Given that the process of the UK’s Withdrawal from the EU has so far been beleaguered with indecision, it is perhaps appropriate that the so-called Malthouse Compromise involves no fewer than two plans.
Plan A is quite ambitious. It would entail remodelling the Withdrawal Agreement along the lines of the appealingly-titled document: ‘A Better Deal’.
Coming in at a comparatively modest 59 pages, this paper (produced with no institutional affiliation or publisher mentioned, just the names of the three authors led by Shanker Singham) is intended to offer an alternative to the Protocol by making a future UK-EU free trade agreement compatible with ‘avoiding a hard border’.
Plan B is equally ambitious, albeit in a somewhat anarchistic way. It would not bother with a Withdrawal Agreement (if negotiations fail) but instead constructs a quasi-transition period (i.e. one lacking any formal legal framework) in preparation for WTO rules kicking in on 1 January 2021.
It references GATT Article XXIV to justify what it portrays as a smooth glide path towards free trade. However, it should be noted that this Article in fact describes what happens during a legally-agreed transition period to a legally-agreed new relationship.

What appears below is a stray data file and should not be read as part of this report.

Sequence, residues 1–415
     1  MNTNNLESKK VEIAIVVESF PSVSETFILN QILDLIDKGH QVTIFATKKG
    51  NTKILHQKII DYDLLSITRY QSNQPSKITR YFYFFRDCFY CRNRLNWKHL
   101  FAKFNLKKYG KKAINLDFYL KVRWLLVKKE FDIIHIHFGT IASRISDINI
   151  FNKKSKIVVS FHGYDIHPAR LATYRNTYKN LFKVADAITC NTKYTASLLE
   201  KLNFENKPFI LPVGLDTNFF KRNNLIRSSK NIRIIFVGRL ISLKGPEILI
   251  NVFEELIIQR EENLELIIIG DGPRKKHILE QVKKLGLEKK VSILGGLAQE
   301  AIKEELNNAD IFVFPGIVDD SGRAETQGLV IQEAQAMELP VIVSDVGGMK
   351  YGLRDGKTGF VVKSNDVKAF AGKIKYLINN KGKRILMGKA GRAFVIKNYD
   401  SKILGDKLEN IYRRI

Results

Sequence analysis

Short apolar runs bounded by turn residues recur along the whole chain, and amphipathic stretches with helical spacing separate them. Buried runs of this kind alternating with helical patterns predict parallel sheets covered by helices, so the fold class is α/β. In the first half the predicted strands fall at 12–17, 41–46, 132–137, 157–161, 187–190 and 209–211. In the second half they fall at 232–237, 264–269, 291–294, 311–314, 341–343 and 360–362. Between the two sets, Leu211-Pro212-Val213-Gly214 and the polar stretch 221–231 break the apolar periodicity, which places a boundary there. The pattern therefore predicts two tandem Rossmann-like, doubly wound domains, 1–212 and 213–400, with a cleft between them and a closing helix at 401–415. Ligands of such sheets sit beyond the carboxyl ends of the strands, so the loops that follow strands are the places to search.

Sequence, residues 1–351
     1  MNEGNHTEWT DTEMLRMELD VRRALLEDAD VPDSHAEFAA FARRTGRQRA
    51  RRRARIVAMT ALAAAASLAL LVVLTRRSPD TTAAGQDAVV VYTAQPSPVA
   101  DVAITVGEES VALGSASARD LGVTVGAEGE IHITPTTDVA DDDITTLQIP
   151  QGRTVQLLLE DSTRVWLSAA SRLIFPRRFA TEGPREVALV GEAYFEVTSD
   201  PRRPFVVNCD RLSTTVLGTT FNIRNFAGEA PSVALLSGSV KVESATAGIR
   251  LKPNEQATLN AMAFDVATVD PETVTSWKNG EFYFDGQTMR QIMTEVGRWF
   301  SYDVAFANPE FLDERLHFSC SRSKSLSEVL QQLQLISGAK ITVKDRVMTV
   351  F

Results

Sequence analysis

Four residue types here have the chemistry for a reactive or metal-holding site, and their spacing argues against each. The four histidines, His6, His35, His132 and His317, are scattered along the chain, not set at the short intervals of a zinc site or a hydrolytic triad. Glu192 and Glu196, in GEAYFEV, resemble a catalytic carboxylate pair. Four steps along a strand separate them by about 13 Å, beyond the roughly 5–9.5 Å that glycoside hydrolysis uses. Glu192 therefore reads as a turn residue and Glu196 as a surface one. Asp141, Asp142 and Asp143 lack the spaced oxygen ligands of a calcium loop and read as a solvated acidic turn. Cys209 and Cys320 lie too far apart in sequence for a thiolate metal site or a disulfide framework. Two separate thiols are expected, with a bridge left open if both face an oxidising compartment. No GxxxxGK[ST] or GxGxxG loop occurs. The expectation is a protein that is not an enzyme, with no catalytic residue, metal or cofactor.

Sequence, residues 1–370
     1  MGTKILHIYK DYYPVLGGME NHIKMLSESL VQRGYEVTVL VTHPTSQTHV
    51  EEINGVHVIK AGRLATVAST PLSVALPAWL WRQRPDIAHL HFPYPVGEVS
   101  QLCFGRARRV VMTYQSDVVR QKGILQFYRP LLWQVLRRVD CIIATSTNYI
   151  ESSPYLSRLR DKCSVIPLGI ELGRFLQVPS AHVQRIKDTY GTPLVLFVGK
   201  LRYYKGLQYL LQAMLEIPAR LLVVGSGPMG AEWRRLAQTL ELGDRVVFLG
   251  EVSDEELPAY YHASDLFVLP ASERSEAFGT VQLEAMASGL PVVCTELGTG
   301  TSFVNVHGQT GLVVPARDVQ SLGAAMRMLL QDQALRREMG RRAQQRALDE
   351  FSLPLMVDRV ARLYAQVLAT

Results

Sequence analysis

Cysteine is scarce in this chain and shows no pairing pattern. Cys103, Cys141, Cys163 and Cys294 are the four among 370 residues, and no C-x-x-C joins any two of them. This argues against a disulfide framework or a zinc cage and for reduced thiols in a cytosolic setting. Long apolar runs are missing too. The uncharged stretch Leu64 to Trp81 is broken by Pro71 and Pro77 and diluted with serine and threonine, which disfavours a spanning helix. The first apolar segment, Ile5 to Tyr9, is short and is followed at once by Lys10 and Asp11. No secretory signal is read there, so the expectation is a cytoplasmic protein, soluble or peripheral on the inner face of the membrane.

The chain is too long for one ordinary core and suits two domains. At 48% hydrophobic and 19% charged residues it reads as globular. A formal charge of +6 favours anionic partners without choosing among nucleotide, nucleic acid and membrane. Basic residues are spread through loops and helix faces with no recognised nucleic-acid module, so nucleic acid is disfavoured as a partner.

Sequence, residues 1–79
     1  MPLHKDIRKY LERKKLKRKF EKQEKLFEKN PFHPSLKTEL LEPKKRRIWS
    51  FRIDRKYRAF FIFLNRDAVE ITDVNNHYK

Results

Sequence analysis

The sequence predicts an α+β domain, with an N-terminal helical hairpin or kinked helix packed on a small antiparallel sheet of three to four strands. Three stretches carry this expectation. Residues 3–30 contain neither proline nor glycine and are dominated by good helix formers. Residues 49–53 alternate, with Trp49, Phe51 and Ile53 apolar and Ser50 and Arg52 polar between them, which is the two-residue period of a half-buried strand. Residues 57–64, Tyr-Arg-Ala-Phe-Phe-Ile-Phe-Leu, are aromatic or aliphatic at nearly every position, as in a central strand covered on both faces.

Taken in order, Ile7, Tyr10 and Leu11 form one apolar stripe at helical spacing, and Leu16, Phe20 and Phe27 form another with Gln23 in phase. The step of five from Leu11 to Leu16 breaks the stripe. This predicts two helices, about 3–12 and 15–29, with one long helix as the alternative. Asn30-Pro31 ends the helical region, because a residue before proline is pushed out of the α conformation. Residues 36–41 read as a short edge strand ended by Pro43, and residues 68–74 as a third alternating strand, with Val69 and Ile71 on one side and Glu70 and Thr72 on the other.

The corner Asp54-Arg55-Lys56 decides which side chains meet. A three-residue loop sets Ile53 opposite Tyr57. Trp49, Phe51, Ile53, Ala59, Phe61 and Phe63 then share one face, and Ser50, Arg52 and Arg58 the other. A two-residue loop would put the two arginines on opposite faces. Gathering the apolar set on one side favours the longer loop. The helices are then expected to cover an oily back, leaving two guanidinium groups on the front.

Plan B, then, is a dead-end. Malthouse appeals to a spectrum of Conservative MPs because it claims to realise two of their core demands.
First, it sets a clear exit day. Transition would end by January 2021, come what may. And it promises a future Free Trade Agreement straight afterwards – no waiting for future rounds of negotiation or for the Irish to be happy with arrangements.
The deadline is intended to focus minds. In reality, however, it simply nudges the cliff edge just a short distance further rather than avoiding it altogether.
The purpose of the Protocol is, of course, to hedge against that very cliff edge when it comes to the island of Ireland. But what would Plan A look like in practice?
Malthouse wants the UK out of the customs union, Single Market and ‘all EU rule-making’. The unavoidable consequence of this is that customs procedures have to be applied to goods crossing the Irish border.
Plan A doesn’t sugar-coat that pill for those moving goods across the Irish border. The Union Customs Code will have to apply as well as whatever UK customs policy will be in play.
The ‘A Better Deal’ paper makes reassuring noises as to how this can be handled, talking o ‘advanced customs and trade facilitation measures’ which include ‘specific solutions’ for the Irish border’.
In practice, as the paper acknowledges, there is no getting around the fact that a whole new raft of procedures will come into play: customs declarations, technical checks, random checks, and inspections on premises.
In fact, the only concession to avoiding a hard border is to have these checks away from the borderline and to promise no physical infrastructure there.
When it comes down to it, talking of ‘simplified’ or ‘expedited’ procedures is of little solace to those who currently do not have to comply with any such procedures at all.
This would not be a border anywhere near to being as ‘frictionless’ as it is now.
And note that this customs facilitation scheme relies on ‘self-assessment for importers to declare imports periodically and account for duties payable’.